It’s really nice if you can decouple your external API from the details of application segregation and deployment. On my current project we’ve building a distributed service oriented architecture that also exposes an HTTP API, and we’re using a reverse proxy to route requests addressed to our API to individual components...
I am a fan of Capistrano from way back and we use it for almost all kind of deployments - Hadoop, MongoDB clusters and so on. If you have not tried Capistrano, you must try it and figure out how you can use for deployments in your environment.
This is a classic DevOps presentation from a former Velocity conference that I thought people could take another look at or see this for the first time. It's definitely worth it.
Andy Parker gives a quick-but-dense talk at Puppet Camp Austin on the fundamentals of testing and test-driven development.
Here's a 14-minute discussion about the future of DevOps presented by Patrick Debois.
It’s been to years ago, I’ve released my own project - Trackyt.net. Month ago I’ve cancelled my VPS lease contract, so your would not see it available at http://trackyt.net anymore.
We’ve covered the controversy of a DevOps Team on this blog before. DevOps Teams are dangerous in that many organizations realize that their Dev and Ops groups . . .
Maintainable software projects usually take the issue tracker seriously. More often, it is used not only to monitor bugs and defects, but also to serve as a task tracker.
Automated configuration tools (such as CFEngine, Puppet, or Chef) allow you to specify how servers should be configured, and bring new and existing machines into compliance. This helps to avoid the problem of fragile SnowflakeServers.
Careful study of the HamCalc shows a number of quirks. Some are funny, some are just examples of the need for unit test frameworks.
At Tangent we handle environment-specific configuration of Django projects using the method outlined by David Cramer. This involves distinguishing between core settings (which we keep in core/default.py) and environment specific settings (eg core/stage.py, core/test.py).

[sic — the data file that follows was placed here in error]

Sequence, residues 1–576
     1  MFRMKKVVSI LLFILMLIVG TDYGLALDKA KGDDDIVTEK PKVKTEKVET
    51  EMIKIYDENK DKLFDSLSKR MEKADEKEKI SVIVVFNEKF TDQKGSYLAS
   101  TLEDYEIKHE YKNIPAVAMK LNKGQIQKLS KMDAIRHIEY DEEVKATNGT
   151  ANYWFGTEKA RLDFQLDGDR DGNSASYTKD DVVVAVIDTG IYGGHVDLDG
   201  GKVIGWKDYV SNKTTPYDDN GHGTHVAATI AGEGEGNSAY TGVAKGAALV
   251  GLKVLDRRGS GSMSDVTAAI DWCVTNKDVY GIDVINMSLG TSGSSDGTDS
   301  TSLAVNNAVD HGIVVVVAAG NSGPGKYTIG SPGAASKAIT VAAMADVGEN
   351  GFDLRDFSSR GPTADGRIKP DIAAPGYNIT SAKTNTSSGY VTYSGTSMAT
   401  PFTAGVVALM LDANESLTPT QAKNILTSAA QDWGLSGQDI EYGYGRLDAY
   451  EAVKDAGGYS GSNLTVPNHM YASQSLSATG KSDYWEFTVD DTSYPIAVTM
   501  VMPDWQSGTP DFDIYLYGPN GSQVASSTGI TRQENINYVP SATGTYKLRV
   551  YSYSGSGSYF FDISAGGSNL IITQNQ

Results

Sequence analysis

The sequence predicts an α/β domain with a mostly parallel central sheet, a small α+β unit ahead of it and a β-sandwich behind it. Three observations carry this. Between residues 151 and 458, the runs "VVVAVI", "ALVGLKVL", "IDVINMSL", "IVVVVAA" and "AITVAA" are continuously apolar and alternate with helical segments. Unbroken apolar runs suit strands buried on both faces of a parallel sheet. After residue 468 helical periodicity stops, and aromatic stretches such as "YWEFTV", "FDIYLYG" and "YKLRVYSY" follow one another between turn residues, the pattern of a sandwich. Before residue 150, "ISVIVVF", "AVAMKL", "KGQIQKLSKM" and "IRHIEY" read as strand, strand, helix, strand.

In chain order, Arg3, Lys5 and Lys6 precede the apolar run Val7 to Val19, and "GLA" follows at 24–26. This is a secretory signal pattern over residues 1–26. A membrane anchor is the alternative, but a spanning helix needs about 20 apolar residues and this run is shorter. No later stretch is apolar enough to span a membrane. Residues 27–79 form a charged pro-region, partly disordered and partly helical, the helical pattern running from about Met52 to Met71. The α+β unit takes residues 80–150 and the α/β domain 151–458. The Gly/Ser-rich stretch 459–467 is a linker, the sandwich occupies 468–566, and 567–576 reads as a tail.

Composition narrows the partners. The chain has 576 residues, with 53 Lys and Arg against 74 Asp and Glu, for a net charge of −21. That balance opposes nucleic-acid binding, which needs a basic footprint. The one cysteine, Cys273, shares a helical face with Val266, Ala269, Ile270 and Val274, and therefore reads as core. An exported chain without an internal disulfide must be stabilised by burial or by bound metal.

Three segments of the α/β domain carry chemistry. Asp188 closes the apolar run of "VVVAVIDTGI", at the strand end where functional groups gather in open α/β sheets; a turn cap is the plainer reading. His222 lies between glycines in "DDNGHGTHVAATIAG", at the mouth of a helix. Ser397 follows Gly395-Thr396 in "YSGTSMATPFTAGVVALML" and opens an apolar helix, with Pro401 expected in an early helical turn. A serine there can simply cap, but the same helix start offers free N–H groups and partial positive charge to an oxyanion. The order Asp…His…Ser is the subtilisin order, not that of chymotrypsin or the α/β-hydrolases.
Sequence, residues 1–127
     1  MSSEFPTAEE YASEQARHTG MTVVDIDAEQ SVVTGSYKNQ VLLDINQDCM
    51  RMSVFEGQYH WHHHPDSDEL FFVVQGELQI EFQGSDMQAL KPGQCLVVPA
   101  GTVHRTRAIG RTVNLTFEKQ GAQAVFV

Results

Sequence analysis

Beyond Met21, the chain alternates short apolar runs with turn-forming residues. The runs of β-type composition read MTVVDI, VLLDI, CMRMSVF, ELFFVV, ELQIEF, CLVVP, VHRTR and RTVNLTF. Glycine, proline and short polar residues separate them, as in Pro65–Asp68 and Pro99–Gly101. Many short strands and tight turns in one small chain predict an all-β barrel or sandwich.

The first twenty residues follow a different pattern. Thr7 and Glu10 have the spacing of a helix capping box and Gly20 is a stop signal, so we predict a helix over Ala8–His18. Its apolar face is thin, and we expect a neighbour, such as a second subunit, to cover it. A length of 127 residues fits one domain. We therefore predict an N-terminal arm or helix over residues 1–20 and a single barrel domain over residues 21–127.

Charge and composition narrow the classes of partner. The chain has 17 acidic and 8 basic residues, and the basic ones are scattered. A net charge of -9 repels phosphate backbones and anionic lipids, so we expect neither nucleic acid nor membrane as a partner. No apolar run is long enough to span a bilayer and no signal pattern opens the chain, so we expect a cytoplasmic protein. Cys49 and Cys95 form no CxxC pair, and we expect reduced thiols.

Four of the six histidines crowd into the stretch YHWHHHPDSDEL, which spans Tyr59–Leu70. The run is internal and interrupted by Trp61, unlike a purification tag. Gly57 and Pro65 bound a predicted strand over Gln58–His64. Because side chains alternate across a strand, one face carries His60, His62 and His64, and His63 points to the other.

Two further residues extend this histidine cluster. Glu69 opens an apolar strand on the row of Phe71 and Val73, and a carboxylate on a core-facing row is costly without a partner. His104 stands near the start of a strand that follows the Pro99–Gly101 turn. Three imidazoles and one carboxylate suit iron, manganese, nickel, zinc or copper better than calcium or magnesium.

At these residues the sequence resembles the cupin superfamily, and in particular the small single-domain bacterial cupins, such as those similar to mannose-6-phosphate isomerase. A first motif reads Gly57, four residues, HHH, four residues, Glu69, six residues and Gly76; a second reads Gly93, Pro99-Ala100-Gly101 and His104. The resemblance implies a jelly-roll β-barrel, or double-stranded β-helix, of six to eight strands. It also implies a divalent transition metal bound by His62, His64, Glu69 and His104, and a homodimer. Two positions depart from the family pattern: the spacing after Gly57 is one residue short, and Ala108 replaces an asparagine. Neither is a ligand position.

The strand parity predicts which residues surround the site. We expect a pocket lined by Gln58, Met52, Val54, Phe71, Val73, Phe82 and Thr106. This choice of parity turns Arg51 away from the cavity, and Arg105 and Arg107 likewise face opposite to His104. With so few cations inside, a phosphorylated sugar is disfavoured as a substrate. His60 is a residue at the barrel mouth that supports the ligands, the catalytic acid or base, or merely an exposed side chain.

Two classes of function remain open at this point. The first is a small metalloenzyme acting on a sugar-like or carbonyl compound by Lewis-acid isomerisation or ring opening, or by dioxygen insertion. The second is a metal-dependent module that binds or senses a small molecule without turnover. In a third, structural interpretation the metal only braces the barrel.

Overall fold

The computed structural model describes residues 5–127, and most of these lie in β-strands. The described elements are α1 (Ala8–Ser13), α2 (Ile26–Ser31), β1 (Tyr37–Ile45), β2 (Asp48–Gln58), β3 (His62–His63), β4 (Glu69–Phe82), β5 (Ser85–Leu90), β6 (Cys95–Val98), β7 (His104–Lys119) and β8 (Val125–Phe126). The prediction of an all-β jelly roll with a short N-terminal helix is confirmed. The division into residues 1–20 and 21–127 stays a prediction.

Automated configuration tools (such as CFEngine, Puppet, or Chef) allow you to avoid SnowflakeServers by providing recipes to describe the configuration of elements of a server.
Some additional points on using Python 2.7 in a way that bridges the gap to Python 3.2. The steps are small and simple. You can start taking them now.
Design Patterns above claims that programming to an interface and not an implementation reduces implementation dependencies, and thus it follows that ptainai reduces the probability of ripple-effects. But is this true?
Are you using Celery to process python backend tasks asynchronously? Have you wanted to get insight into their resource consumption and efficiency? Here’s a few useful ways to get insight into Celery performance when running tasks.
The theme of last Thursday’s DevOps Ireland talks at Engine Yard Dublin was automated deployment.
Here’s a little example of using Hadley Wickham’s testthat package for unit testing R code. You can read more about testthat here.
Continuous Delivery aims to overcome the large delivery costs traditionally associated with releasing software, and in The Principles of Product Development Flow Don Reinertsen describes delivery cost as a function of transaction cost and holding cost.
I had to read a log file containing a few hundred lines today at work. My first instinct was to open it using my trusty Notepad++.
Enterprises are building, testing, and deploying software faster and more frequently now than at any point in the past. Faced with unprecedented demands, many of these software development organizations are realizing their rollout processes are haphazard, at best.
The core technology used in Eclipse is OSGI, which makes it easily extensible. There are plenty of plugins out there, some are well known, however there might be some you've never heard of, but might find them useful, once you see them in action.
This tutorial runs through the process of adding parallel testing to your unit test framework with Python.
This week we're talking to Tim Spann, Java developer of fifteen years and blogger at http://www.agilemobiledeveloper.com.
Ever see one of these? It means something is wrong with the website – very wrong – yet somehow we seem to keep building websites that do this.
Some diagnostics haven't detected any bugs in open-source projects yet. The lower you are in the list, the more diagnostics with no error samples there will be. The reason is simple: the later a certain rule had been added, the fewer projects were analyzed with this rule included into the rule set and therefore the fewer chances for it to demonstrate its capabilities.